Top 5 Risks 2019
- Middle East and North Africa
- Creating a Resilient Organisation
- Delivering Growth and Opportunity
Top 5 Risks 2019 – ones to watch
Each year, Control Risks’ decides the top 5 Risks for businesses in the coming year. While these are global in scope, here we discuss how they will drive developments in the business environment in the Middle East and North Africa in 2019.
Blue muddies Gulf waters
As the blue wave of Democrats elected to Congress settles into position, it will further complicate US policy toward the Middle East. US President Donald Trump and his administration will aim to ramp up pressure on Iran, push for Arab states to play a greater role in regional security, and pursue peace deals in the region – all while keeping an eye out for opportunities for American business. However, emboldened Democratic congressional members will be increasingly vocal in questioning US policy and activities in the region. This will not fundamentally change the region’s strategic importance to the US in terms of security, counterterrorism, and trade. However, the newfound debate will attempt to force a closer consideration of US relationships and activities in the region. Infighting and increasingly mixed messages will reduce the ability of the US to use its economic and diplomatic heft to have a decisive say in key conflicts and issues in the region. While the US will remain an important player in regional conversations, particularly around security, these debates will give other players increased confidence to hold out for their terms.
Looking the other way
While US foreign policy will remain mercurial, we expect the US–China trade war to be the defining political dynamic of 2019. Some MENA states have felt the effects of these tariffs more than others, but all will generally avoid taking sides, continuing efforts to attract inward investment from both China and the US. As Gulf Arab states push to diversify their economies away from oil, they will actively cultivate new economic and diplomatic relationships, regardless of whether these are aligned with Washington’s objectives.
Stuck in the middle – with who?
Tender awards by major state-owned entities throughout the region are increasingly going to a more diverse range or players, mirroring an effort by many states in the region to grow relationships with a more diverse range of diplomatic and economic partners...
The trend toward more active foreign and domestic policy changes in many of these states mean businesses will need to remain agile and assess how political developments, whether they manifest in formal or informal ways, may present new complications to their operations. Meanwhile, the choices that businesses make will be more closely scrutinised by third parties.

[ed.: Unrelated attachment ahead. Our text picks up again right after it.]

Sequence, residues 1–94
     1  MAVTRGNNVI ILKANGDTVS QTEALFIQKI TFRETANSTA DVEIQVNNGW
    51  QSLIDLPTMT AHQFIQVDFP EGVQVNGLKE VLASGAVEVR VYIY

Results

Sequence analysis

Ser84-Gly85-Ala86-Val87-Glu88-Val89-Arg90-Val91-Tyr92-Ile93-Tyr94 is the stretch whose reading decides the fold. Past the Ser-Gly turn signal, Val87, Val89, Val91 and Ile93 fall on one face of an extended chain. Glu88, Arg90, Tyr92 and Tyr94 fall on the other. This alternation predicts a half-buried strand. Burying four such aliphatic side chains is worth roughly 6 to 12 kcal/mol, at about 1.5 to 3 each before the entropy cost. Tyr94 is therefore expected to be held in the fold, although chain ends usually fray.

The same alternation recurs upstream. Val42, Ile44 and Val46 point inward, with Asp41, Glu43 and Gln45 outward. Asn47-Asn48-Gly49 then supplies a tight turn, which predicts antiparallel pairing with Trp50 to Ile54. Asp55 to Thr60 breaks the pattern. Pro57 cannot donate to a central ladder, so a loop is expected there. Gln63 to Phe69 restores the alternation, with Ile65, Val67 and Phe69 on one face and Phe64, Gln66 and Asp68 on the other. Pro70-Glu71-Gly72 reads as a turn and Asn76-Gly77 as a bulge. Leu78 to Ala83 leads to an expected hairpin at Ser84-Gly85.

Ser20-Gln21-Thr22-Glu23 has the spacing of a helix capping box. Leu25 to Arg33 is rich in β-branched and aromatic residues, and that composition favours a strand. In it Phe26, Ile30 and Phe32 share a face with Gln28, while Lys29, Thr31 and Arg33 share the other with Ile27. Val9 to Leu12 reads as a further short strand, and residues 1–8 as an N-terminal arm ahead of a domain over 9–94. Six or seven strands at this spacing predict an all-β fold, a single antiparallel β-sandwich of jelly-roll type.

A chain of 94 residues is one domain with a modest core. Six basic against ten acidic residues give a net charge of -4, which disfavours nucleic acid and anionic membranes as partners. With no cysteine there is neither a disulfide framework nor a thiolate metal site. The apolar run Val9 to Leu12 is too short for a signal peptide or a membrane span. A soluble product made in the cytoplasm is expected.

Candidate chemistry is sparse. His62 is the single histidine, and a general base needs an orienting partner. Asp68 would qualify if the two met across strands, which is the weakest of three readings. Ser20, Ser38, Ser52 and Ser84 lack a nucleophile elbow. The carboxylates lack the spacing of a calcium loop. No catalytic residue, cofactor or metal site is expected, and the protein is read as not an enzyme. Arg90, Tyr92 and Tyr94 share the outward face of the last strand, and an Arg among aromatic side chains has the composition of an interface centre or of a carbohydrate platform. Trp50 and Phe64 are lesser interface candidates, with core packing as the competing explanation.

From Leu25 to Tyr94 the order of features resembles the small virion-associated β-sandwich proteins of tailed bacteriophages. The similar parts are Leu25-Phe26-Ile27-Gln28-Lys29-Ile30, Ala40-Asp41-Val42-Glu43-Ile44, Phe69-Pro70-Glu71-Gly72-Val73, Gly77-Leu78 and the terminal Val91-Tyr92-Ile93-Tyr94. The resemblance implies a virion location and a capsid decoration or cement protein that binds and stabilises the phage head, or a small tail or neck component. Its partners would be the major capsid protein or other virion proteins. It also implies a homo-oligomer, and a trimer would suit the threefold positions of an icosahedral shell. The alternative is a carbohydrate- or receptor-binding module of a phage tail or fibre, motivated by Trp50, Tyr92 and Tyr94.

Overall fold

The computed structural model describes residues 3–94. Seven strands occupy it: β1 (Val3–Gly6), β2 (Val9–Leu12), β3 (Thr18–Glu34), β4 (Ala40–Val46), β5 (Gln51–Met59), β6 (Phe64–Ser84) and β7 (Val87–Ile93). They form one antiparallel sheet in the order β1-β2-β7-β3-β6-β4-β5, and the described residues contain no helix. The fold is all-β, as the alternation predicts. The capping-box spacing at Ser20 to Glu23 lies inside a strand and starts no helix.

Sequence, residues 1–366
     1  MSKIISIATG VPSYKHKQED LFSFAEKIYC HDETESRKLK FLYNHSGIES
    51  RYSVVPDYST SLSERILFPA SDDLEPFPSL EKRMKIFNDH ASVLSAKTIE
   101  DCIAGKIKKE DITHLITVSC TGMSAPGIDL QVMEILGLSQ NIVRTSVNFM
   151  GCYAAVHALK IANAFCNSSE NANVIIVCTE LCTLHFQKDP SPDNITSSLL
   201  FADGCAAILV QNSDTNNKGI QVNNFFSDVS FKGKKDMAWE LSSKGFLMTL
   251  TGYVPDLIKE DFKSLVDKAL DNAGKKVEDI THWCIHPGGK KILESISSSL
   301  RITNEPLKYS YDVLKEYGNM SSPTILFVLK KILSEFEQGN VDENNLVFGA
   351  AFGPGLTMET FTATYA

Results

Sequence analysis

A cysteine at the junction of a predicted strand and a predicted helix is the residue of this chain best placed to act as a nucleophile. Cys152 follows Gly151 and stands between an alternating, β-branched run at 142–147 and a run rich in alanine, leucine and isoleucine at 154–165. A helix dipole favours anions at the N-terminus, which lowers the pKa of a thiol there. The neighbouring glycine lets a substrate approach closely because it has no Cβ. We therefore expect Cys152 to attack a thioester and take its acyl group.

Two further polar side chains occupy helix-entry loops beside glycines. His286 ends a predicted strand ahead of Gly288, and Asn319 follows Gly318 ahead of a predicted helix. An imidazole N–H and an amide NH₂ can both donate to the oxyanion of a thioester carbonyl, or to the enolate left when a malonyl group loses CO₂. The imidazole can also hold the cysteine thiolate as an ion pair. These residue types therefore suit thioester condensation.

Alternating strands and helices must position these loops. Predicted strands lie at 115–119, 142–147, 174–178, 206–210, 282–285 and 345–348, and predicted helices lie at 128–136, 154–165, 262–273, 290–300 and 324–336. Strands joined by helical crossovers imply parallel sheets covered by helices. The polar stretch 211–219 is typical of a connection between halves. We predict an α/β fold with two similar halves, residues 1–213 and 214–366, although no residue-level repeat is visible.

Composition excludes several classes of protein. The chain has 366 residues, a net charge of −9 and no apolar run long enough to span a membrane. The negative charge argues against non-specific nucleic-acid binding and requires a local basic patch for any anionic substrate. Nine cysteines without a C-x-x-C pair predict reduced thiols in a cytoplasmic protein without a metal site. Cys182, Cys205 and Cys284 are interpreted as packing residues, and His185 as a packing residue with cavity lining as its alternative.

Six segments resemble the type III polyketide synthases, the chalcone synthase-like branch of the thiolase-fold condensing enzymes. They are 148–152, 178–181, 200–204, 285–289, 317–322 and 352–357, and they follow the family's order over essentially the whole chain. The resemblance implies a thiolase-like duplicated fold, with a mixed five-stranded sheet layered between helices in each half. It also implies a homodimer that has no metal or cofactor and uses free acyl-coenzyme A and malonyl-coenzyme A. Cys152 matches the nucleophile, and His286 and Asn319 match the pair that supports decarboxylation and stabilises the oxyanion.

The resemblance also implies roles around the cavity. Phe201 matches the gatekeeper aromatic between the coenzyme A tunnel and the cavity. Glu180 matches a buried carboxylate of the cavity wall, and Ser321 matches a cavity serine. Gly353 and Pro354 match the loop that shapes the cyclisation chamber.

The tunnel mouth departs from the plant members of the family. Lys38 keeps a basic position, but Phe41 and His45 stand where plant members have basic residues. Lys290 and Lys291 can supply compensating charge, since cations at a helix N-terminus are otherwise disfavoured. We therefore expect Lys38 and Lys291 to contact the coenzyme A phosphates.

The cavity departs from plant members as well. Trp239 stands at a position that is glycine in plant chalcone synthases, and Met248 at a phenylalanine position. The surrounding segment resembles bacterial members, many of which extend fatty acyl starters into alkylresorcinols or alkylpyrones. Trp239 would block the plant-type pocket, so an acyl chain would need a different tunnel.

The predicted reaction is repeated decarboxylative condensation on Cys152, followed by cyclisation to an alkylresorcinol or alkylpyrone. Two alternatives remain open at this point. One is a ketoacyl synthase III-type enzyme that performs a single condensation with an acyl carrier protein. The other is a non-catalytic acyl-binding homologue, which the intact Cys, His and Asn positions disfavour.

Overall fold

Data regulation is one area businesses will need to watch over the next year. Countries in the Middle East are actively attempting to grow their tech sectors, with companies seeking to capitalise on a young, tech savvy demographic. However, governments in MENA are also increasingly seeking to regulate the storage and usage of data. Many countries view this fundamentally as a security issue: hacking of infrastructure and attacks on state-owned enterprises have created the perception that sensitive data should be hosted on home territory rather than in the cloud. However, if data is something to be controlled in China, protected for the EU and commercialised in the US, for the states in the region it is increasingly something to be monitored. Government will have little sympathy for companies that push back on these new regulations.
Security issues have been persistent concerns for businesses operating in MENA, particularly in conflict zones, but in 2019 extreme weather will continue its rise as one of the most significant factors in security and operational risks in the region. The latest UN Panel on Climate Change projects that temperatures will rise and precipitation will fall, increasing incidents of droughts. A forecast by the Max Planck Institute expects summer temperatures in MENA to rise more than twice as fast as the global average. The World Resources Institute estimates that all MENA countries except Egypt and Mauritania will suffer from extremely high water stress by 2040.
This is a very real problem for governments in the region. The poorest citizens will be those most affected by climate change, which, without significant policy changes, will cause reduced sanitation, increase food prices and competition for resources. Three months of demonstrations in Basra (Iraq) protesting the life-threatening quality of drinking water was a harbinger of the combined effect of climate change and insufficient public infrastructure. Governments are increasingly coming to terms with the reality of climate change and the political and security implications it will have over the next decade. Pressure will increase for insufficient public utilities to be replaced with newer, more efficient infrastructure, and international agencies and other investors may be more willing to offer support for these projects in an effort to address the global issue of climate change.